“I see lives being saved in vaccinated countries, even as the Delta variant spreads, and I want the same for developing countries. It is criminal that the majority of humanity is still facing this cruel disease unprotected because Pharma monopolies and super profits are being put first.”
While some rich countries have started to re-distribute a fraction of their excess doses and have made funding commitments, this charity is not enough to fix the global vaccine supply problems.
The People’s Vaccine Alliance is calling on all governments to insist that the vaccine technology is transferred ―to enable all qualified manufacturers worldwide, especially those in developing countries, to produce these vaccines.
Governments should also urgently approve a waiver of intellectual property rules related to COVID-19 technologies as proposed by South Africa and India.
The waiver, which has been supported by over 100 nations including the US and France has now entered formal negotiations at the World Trade Organisation that met again this week. But the proposal has been repeatedly blocked by Germany, the UK and the European Union.
Maaza Seyoum, from the African Alliance and People’s Vaccine Alliance Africa, said: “Enabling developing country manufacturers to produce vaccines is the fastest and surest way to ramp up supply and dramatically drive down prices. When this was done for HIV treatment, we saw prices drop by up to 99 percent.
“What possible reason then do the governments of the UK, Germany and EU have to ignore the repeated calls from developing countries to break the vaccine monopolies that could drive up production while driving down price?”
Less than one percent of people in low-income countries have received a vaccine, while the profits made by the companies has seen the CEOs of Moderna and BioNTech become billionaires.
Before the pandemic, developing countries paid a median price of $0.80 a dose for all non-COVID vaccines, according to analysis by the World Health Organization (WHO).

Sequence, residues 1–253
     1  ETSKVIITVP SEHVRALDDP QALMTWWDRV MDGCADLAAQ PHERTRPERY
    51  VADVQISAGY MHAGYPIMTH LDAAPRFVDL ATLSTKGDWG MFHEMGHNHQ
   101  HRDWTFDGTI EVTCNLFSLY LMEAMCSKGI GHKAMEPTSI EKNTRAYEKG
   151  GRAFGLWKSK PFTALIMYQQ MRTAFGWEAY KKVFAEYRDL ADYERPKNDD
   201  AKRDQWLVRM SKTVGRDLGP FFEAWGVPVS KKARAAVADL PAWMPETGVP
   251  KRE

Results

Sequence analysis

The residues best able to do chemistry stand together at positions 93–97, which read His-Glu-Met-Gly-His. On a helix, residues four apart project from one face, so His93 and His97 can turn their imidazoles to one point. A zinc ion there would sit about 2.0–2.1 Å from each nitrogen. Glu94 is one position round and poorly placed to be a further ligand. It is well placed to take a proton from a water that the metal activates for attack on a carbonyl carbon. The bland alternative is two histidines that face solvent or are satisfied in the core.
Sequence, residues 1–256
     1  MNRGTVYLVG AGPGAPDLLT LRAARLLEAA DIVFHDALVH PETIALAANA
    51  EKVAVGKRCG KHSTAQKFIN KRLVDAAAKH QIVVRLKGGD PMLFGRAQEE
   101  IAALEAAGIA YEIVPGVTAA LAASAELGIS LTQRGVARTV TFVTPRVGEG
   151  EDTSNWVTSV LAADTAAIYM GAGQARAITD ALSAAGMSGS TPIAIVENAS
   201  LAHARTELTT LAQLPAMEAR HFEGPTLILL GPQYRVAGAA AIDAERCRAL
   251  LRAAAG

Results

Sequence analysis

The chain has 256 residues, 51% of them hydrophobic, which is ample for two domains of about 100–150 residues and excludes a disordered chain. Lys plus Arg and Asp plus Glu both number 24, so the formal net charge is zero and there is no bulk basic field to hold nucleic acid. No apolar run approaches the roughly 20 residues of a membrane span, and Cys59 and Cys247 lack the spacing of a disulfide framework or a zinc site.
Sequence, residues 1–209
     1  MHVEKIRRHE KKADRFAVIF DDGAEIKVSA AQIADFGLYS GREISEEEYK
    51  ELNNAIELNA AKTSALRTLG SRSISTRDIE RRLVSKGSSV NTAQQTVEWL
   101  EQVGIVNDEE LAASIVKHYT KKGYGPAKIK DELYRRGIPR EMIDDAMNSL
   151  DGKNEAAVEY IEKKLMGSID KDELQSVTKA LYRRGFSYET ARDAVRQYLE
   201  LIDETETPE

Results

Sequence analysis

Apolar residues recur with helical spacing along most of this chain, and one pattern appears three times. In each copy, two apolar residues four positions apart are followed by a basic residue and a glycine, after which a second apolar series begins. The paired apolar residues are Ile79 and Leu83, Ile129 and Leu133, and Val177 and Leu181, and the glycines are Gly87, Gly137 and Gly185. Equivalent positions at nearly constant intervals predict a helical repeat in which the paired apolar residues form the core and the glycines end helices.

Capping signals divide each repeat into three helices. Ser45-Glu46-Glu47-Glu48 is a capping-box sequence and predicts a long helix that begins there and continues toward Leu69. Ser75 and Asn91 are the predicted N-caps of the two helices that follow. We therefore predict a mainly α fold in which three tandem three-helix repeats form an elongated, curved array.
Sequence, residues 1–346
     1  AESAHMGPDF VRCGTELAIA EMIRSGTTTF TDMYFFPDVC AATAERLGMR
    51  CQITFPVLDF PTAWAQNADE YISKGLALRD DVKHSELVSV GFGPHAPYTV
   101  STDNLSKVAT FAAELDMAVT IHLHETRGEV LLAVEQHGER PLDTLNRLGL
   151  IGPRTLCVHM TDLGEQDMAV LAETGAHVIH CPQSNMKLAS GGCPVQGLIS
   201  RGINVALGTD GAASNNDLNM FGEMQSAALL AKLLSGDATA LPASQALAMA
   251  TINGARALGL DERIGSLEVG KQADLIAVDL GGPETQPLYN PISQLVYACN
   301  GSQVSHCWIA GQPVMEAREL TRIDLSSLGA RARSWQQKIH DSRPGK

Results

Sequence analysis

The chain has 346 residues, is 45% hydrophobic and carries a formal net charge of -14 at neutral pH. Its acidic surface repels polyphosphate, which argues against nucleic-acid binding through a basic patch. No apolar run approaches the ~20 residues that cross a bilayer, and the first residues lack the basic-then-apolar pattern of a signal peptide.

While all vaccines are different and the new vaccines may not be directly comparable, even one of the cheapest COVID 19 vaccines on the market, Oxford/AstraZeneca, is nearly four times this price; the Johnson and Johnson vaccine is 13 times; and the most expensive vaccines, such as Pfizer/ BioNTech, Moderna and the Chinese produced Sinopharm, are up to 50 times higher.
It is vital that vaccine manufacturers are forced to justify why their vaccines cost more, but open competition is also critical to bring down prices and increase supply. All vaccines, old and new, only come down in price once there are multiple competitors in the market.
Never in history have governments been buying more doses of vaccines for one disease and the large-scale production should drive down costs, enabling companies to charge lower prices.
Yet the EU reportedly paid even higher prices for its second order from Pfizer/BioNTech. Dramatic price escalation is predicted to continue in the absence of government action and with the possibility of booster shots being required for years to come.
The CEO of Pfizer has suggested potential future prices of as much as $175 per dose ―148 times more than the potential cost of production. And because pharmaceutical companies anticipate charging such high prices for boosters, they will continue to sell doses to rich countries at the expense of protecting lives globally.
In a briefing note, published today, The People’s Vaccine Alliance highlighted examples of how much both developing and wealthier nations have been potentially overpaying:
Pfizer/ BioNTech are charging their lowest reported price of $6.75 to the African Union but this is still nearly 6 times more than the estimated potential production cost of this vaccine. One dose of the vaccine costs the same as Uganda spends per citizen on health in a whole year.
The highest reported price paid for Pfizer/BioNTech vaccines was paid by Israel at $28 a dose ―nearly 24 times the potential production cost.
The EU may have overpaid for their 1.96 billion Moderna and Pfizer/BioNTech vaccines by as much as €31 billion.
Moderna has charged countries between 4 and 13 times the potential cost price of the vaccine and reportedly offered South Africa a price between $30-42 a dose ―nearly 15 times higher than the potential production cost.
Colombia, which has been badly affected by COVID, has been paying double the price paid by the US for Modernavaccines. For Moderna and Pfizer/BioNTech combined, the country has potentially overpaid by as much as $375 million.
Senegal, a lower-income nation, said it paid around $4 million for 200,000 doses for Sinopharm vaccines, which equates to around $20 a dose.
The UK alone has potentially paid £1.8 billion more than the cost of production for the Pfizer and Moderna vaccines ―enough money to pay every worker in its National Health Service (NHS) a bonus of more than £1000.
Maaza Seyoum said: “As long as the pharmaceutical corporations retain their monopolies on the life-saving technology, they will always prioritise contracts where they can make the most excessive profits, leaving developing countries out in the cold.